Serenity: Spoiler Review for 2019’s Most Absurd Film

Author’s note: The following is an in-depth review containing full spoilers for the film. Please proceed with caution.

Every year it seems we get a few films that really make us scratch our heads and wonder how they got made. In 2019 it took less than a month for that film to be dropped in theaters, leaving audiences dumbfounded at some of the profoundly puzzling decisions made in its screenplay. With Serenity, director Steven Knight followed up the critically acclaimed Locke (2013) and produced a truly peculiar and lackluster affair that will undoubtedly remain one of the more disappointing movies to come out this year.

The film centers itself around the story of Baker Dill, played by Matthew McConaughey. Dill is a fisherman on a mysterious island with many unique qualities. He is also a drunk, and apparently very good at sex. McConaughey is without a doubt a perfect man to lead this film, channeling some of the grizzled qualities he is now known for as Rust Cohle from True Detective. For all the problems this film has, McConaughey is not one of them. He does a superb job of selling the material and being a wildly compelling on-screen presence for the audience to follow. Unfortunately, the material he was given quickly turned into a largely uneven mess completely undeserving of McConaughey’s efforts.

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Matthew McConaughey in Serenity (2019). Dir. Steven Knight.

The film immediately takes a turn for the worse with the introduction of Anne Hathaway’s character. She plays Karen, ex-wife of Baker and she comes to him on his prized fishing boat with a proposition: kill the step-father of their thirteen year-old son, her violent and alcoholic husband, played by Jason Clarke. Her plan is for Baker to take her husband Frank out fishing, get him drunk and toss him overboard for the sharks. She even offers him ten million dollars for the trouble. Of course, Baker is flabbergasted (as are we) and laughs it off. He agrees to take Frank out fishing but disregards the more questionable part of her request. Of course, when they are out on the boat Baker gets to see Frank in drunken form firsthand and his position on the matter begins to change.

Matthew McConaughey, Jason Clarke and Djimon Hounsou in Serenity (2019). Dir. Steven Knight.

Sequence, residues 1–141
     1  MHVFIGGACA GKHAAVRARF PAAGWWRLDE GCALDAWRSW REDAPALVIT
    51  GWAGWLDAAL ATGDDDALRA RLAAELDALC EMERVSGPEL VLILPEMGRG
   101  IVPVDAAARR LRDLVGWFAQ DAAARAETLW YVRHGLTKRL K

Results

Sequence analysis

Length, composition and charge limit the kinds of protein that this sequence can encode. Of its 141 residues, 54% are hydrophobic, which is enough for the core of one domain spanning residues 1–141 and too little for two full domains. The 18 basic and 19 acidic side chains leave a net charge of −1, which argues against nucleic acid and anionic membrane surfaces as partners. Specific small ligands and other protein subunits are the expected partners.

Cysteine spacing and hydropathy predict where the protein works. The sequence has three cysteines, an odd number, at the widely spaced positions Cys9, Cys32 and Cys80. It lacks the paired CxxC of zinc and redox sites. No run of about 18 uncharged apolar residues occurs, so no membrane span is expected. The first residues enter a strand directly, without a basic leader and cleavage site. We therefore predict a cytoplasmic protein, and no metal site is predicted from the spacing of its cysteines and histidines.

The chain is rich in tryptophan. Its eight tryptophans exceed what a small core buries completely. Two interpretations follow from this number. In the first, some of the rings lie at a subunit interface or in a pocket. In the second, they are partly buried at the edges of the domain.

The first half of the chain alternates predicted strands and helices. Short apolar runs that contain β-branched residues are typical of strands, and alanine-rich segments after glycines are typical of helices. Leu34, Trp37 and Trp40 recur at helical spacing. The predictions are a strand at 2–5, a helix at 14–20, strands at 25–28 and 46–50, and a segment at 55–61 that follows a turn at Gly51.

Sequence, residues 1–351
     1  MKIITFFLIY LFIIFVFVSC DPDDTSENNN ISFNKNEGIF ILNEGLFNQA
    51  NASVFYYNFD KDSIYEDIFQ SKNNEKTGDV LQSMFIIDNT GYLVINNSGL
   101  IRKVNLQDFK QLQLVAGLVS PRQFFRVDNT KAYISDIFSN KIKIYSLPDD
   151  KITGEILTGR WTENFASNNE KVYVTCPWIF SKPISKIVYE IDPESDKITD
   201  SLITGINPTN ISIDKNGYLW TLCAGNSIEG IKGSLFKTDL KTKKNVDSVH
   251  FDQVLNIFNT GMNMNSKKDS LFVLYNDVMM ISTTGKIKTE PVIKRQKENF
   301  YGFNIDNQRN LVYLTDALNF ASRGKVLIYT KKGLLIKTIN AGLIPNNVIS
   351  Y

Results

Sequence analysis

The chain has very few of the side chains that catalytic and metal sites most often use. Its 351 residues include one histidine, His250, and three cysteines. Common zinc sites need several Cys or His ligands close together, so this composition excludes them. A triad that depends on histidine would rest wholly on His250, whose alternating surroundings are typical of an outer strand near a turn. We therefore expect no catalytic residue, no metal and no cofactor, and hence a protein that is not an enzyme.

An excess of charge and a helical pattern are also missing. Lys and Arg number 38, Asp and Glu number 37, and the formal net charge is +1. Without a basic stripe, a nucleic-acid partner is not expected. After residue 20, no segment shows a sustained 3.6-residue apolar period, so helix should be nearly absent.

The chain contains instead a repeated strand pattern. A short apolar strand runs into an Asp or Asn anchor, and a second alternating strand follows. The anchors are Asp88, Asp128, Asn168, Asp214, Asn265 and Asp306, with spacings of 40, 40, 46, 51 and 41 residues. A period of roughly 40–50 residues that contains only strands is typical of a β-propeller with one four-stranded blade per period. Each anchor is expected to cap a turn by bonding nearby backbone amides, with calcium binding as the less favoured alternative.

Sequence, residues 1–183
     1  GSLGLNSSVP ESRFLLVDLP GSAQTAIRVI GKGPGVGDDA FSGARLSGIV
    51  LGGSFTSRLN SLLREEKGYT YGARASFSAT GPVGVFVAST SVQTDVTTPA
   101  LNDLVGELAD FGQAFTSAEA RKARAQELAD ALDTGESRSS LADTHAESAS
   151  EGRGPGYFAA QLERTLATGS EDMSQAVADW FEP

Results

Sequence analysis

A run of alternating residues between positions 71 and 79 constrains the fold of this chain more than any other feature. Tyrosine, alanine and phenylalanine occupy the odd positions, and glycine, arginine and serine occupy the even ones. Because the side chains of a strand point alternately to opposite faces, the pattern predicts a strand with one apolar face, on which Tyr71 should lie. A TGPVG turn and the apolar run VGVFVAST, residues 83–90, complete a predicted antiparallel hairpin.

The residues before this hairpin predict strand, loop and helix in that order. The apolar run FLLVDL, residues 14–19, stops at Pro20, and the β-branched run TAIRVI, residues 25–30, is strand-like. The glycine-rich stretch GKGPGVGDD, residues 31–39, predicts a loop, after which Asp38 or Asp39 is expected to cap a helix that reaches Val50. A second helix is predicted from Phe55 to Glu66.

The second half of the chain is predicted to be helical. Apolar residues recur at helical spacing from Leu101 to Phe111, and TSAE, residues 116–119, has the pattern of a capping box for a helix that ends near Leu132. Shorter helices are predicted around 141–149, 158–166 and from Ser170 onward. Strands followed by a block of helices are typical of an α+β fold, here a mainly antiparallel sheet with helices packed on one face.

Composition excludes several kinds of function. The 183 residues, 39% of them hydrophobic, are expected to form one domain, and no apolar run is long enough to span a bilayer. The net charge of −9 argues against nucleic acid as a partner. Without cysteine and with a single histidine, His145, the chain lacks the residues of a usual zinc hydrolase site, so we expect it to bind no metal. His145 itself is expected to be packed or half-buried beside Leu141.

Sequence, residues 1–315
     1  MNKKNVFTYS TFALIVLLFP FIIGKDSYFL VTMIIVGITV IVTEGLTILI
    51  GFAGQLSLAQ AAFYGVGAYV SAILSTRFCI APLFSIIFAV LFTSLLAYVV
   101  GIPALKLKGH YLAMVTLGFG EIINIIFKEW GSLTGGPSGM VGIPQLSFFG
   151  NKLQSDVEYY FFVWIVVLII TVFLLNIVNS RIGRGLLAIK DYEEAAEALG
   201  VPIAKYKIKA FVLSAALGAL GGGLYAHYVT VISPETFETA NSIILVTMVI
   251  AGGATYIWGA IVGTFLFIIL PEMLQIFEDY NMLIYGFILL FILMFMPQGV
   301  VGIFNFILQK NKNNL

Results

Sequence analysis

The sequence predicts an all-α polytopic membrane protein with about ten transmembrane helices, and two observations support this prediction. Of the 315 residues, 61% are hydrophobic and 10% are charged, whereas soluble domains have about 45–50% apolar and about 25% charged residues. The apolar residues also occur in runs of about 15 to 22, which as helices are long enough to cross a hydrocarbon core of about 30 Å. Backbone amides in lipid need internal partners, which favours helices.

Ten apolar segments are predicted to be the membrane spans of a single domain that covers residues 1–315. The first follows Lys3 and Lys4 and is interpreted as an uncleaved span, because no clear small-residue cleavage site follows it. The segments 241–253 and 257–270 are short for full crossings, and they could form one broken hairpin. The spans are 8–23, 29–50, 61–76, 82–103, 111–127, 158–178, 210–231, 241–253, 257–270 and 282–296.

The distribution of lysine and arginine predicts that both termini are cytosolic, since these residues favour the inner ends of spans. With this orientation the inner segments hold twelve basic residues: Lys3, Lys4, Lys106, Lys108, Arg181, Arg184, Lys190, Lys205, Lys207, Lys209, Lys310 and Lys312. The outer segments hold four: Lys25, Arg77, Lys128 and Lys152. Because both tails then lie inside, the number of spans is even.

From there, Serenity gets even weirder. Frank’s son Patrick becomes the second most important character in the film, despite the fact that he is literally tethered to his computer screen for its entirety. The point of emphasis on Patrick and his relationship with Baker is where the film really falls apart. As presented, being tied to his computer and fearing his step-father are his only characteristics. He never speaks in the film, he just types. Skipping ahead, in what is the earth-shattering twist that the movie presents, we learn that nothing occurring on Plymouth Island is real, it is all the creation of Patrick on his computer. His father was actually killed in the Iraq War, and he created this world on his computer as a means to escape the violent reality of his home-life. This twist comes more than an hour into the film, and from there McConaughey’s character becomes obsessed with “playing the game.” When Baker finally enacts Patrick’s vision and throws Frank overboard for death, it in turn leads to Patrick murdering his step-father in real life. The two of them have a strange, heartfelt conversation over the phone which doesn’t really make sense, but sure, we can end the movie there.

So yeah, this movie does some weird stuff, and all in all, it’s a disaster. It gets more and more messy as the film goes on, providing more head-scratching and eye-rolling moments per minute than any film should logically present. Despite an inspiring lead performance from McConaughey and an intriguing tropical setting of Plymouth Island, the movie seemingly does everything it can to undermine any momentum it may have had to begin with. Hathaway’s character is terribly written and very one-note and her performance reflects that. The same goes for Jason Clarke and his character. In the end, this movie is the product of a screenplay gone horribly wrong. Since Steven Knight’s success with Locke, he has followed that up with the much maligned FX series Taboo (2017-Present), and now Serenity. We can take away from this that perhaps Knight isn’t the writer he hopes to be and would be better off working with other people’s material. With Serenity, I was incredibly entertained throughout, marveling at the idiotic turns in the screenplay and somewhat entranced by its lead performance from Matthew McConaughey. Unfortunately, it is an experience that can be best summed up as gloriously underwhelming.